Sailing Fish Skiffs on the Skeena River

by John MacFarlane 2018

Sailing Fishboats

Gas engine powered fish skiff on the Skeena River about 1910. (This may be a powered version of the traditional sailing skiffs) (Photo from the John MacFarlane collection. )

Canneries on the Skeena River required a steady supply of fish to feed the canning lines that were aggressively operating. They arranged for the construction of small one–man or two–man wooden hulled boats that could be propelled by sail or oars. Often these boats were constructed right on site by shipwrights in a company–owned shipyard.

The skiffs had to be towed to the general fishing area by a small tow boat. They would be dropped off, one at a time, and the crew left to set gill nets. The boats had a distinctive number painted on their sides and they were painted in distinctive colours so that the cannery could observe whether or not they were selling their catch to a competitor.

Sailing Fishboats

Sailing fish skiffs being towed to and from a cannery on the Skeena River by Fred MacFarlane and Arthur MacFarlane about 1910. The boats were crewed by First Nations people, and fishermen from Japan, and Europe. (Photo from the John MacFarlane collection.)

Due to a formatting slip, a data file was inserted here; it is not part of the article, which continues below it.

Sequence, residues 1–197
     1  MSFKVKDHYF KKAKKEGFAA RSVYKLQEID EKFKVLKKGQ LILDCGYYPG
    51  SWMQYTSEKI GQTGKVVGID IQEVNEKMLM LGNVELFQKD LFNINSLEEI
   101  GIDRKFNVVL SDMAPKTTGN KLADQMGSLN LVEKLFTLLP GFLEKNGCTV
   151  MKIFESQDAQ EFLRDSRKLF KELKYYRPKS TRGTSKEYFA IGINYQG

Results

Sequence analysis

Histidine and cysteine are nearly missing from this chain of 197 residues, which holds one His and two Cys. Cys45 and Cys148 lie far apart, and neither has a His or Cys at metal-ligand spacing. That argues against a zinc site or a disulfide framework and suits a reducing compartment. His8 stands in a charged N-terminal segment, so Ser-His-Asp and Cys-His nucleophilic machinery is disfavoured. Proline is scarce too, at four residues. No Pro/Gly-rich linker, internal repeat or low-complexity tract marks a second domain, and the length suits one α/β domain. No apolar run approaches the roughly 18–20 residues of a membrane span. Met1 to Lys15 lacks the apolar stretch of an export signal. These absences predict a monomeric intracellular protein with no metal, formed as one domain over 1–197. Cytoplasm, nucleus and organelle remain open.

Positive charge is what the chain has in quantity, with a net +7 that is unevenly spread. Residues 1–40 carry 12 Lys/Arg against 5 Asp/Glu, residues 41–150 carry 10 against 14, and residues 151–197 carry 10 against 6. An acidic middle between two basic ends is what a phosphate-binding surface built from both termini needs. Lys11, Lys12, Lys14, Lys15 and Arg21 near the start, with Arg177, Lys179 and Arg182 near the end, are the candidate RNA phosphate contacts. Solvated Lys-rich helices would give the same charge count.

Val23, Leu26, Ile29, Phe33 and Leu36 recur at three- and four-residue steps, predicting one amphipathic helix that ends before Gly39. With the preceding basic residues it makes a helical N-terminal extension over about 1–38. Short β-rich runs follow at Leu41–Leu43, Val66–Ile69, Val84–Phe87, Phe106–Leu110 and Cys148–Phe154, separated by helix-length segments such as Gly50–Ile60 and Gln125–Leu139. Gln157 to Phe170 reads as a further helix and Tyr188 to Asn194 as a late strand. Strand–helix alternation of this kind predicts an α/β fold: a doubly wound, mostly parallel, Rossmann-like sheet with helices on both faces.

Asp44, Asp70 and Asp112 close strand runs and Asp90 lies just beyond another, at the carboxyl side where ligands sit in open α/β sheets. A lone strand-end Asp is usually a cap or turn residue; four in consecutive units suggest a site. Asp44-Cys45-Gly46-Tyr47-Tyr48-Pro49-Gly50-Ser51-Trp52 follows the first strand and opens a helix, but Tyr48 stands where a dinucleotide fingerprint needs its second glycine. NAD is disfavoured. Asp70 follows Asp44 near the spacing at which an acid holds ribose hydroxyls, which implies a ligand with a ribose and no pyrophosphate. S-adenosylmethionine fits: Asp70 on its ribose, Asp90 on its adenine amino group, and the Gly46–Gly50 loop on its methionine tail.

The crews worked where they could set their net across the current. One rowed while the other set the net over the side. A net up to 1,000 feet in length was buoyed up by cork floats. The oarsman would row stern first while the net was retrieved. Some crews used a small tent for protection from the rain.

Sailing Fishboats

Sailing fish skiffs being towed to and from a cannery on the Skeena River by Fred MacFarlane and Arthur MacFarlane about 1910. (Photo from the John MacFarlane collection. )

Each salmon needed to be killed by a sharp blow on the head with a club. The fish were removed from the net until it was completely clear. This might involve handling hundreds of pounds of fish a shift. Then the process began again until the twelve hour shift was finished. Boats landed their catch into scows at anchor in the vicinity or at the fish camp itself. Fish were not cleaned until they reached the cannery but often waited 24 to 48 hours before this could be done. This greatly affected the quality of the fish which sometimes had to be dumped into the ocean because they had spoiled. The waste was significant.

Big Fish

Arthur MacFarlane (on right) helping to carry large fish weighing "over 100 pounds". (Photo from the John MacFarlane collection.)

The hand fishing methods and the abundance of fish produced very high quality catches which are seldom seen in today’s catches.



To quote from this article please cite:

MacFarlane, John M. (2018) Sailing Fish Skiffs on the Skeena River. Nauticapedia.ca 2018. http://nauticapedia.ca/Gallery/Skeena_Fishing.php

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